New research shows that safeguarding species and ecosystems and the benefits they provide for society against future climatic change requires effective solutions which can only be formulated from reliable forecasts.
An international team of scientists led by researchers from the University of Adelaide and University of Copenhagen, has identified and examined past warming events similar to those anticipated in the coming decades, to better understand how species and ecosystems will cope.
“Reference periods in Earth’s history serve as natural laboratories for understanding biodiversity responses to climate change and improving strategies for conservation under ongoing and future climate change,” says lead author Associate Professor Damien Fordham from the University of Adelaide’s Environment Institute.
Approximately 40 per cent of terrestrial ecosystems are projected to have experienced shifts in temperature during the past 21,000 years that are similar in pace and magnitude to regional-scale future forecasts.
“Studying locations in regions such as the Arctic, Eurasia, the Amazon and New Zealand can inform numerous international conservation plans for species and ecosystems around the world,” says Associate Professor Fordham.
“Using fossil and molecular data from these areas, together with advanced computational approaches, we have identified biological responses to potentially dangerous rates of climatic change.”
“This new knowledge from the past tells us that terrestrial biodiversity will experience significant changes in response to future global warming. These include wide-scale species declines, threatening the goods and services ecosystems provide to humanity.”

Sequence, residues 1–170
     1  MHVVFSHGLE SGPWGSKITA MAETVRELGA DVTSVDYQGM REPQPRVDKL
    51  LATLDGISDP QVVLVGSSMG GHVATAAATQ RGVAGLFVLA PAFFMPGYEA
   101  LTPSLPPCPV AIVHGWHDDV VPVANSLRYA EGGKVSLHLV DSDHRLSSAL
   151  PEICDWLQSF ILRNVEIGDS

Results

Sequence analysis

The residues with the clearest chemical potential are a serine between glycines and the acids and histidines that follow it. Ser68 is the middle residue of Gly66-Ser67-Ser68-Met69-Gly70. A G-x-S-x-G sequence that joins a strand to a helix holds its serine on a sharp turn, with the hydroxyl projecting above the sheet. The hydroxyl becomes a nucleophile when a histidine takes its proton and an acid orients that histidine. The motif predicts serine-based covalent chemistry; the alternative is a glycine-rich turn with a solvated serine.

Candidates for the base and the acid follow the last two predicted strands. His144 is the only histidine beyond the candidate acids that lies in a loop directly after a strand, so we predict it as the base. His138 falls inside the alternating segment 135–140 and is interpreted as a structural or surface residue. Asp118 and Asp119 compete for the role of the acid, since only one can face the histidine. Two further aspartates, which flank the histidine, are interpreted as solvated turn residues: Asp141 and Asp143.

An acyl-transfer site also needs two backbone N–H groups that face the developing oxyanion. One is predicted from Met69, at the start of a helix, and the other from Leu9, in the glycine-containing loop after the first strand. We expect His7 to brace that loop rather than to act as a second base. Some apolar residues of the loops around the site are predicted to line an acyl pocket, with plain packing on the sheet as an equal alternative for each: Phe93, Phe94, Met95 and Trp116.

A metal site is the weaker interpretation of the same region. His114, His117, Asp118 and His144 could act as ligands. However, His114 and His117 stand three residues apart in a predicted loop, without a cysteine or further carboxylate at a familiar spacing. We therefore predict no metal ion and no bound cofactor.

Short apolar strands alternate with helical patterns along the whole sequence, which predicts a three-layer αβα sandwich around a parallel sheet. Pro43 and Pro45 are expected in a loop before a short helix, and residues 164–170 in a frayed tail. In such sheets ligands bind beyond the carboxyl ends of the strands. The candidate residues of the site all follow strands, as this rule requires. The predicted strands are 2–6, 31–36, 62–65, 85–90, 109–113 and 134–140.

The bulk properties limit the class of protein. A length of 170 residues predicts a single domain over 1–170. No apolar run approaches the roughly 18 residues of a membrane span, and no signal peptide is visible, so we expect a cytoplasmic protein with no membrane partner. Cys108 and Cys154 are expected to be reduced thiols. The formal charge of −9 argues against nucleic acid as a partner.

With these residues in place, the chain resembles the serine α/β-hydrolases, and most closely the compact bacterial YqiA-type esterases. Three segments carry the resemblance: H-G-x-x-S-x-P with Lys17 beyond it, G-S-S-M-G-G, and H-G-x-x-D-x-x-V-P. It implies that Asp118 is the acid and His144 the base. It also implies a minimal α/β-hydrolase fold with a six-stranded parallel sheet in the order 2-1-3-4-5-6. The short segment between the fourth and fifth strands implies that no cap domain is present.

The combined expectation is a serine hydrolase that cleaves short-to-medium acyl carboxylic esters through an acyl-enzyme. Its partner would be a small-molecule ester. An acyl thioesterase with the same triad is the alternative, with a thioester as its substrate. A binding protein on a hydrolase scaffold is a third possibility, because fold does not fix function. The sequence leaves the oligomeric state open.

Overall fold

Associate Professor David Nogues-Bravo from the University of Copenhagen was co-author of the study which is published in the journal Science.
“Beyond intrinsic knowledge gain, this integrative research is providing relevant context and case studies that can minimize biodiversity loss from climate change,” he says.
“This includes identifying what causes some species to be more prone to climate-driven extinction than others, and how to improve early-warning systems signalling population collapse, extinction or ecosystem shifts as a result of climate change.”
The team emphasises that integrating knowledge of biodiversity responses to past warming events into 21st century environmental management demands clear guidelines.
“Ongoing climate change poses an important challenge for biodiversity management, and our research shows how the recent geological past can inform effective conservation practice and policy,” says co-author Stephen Jackson from the U.S. Geological Survey.
“Conservation biologists are now taking full advantage of the long-term history of the planet as recorded in paleo-archives, such as those gathered by our team, to understand biological responses to abrupt climate changes of the past, quantify trends, and develop scenarios of future biodiversity loss from climate change,” says Associate Professor Fordham.
The research is part of a global exercise, involving a large number of academic institutions and the International Union for the Conservation of Nature, covering a wide range of species, ecosystems and regions.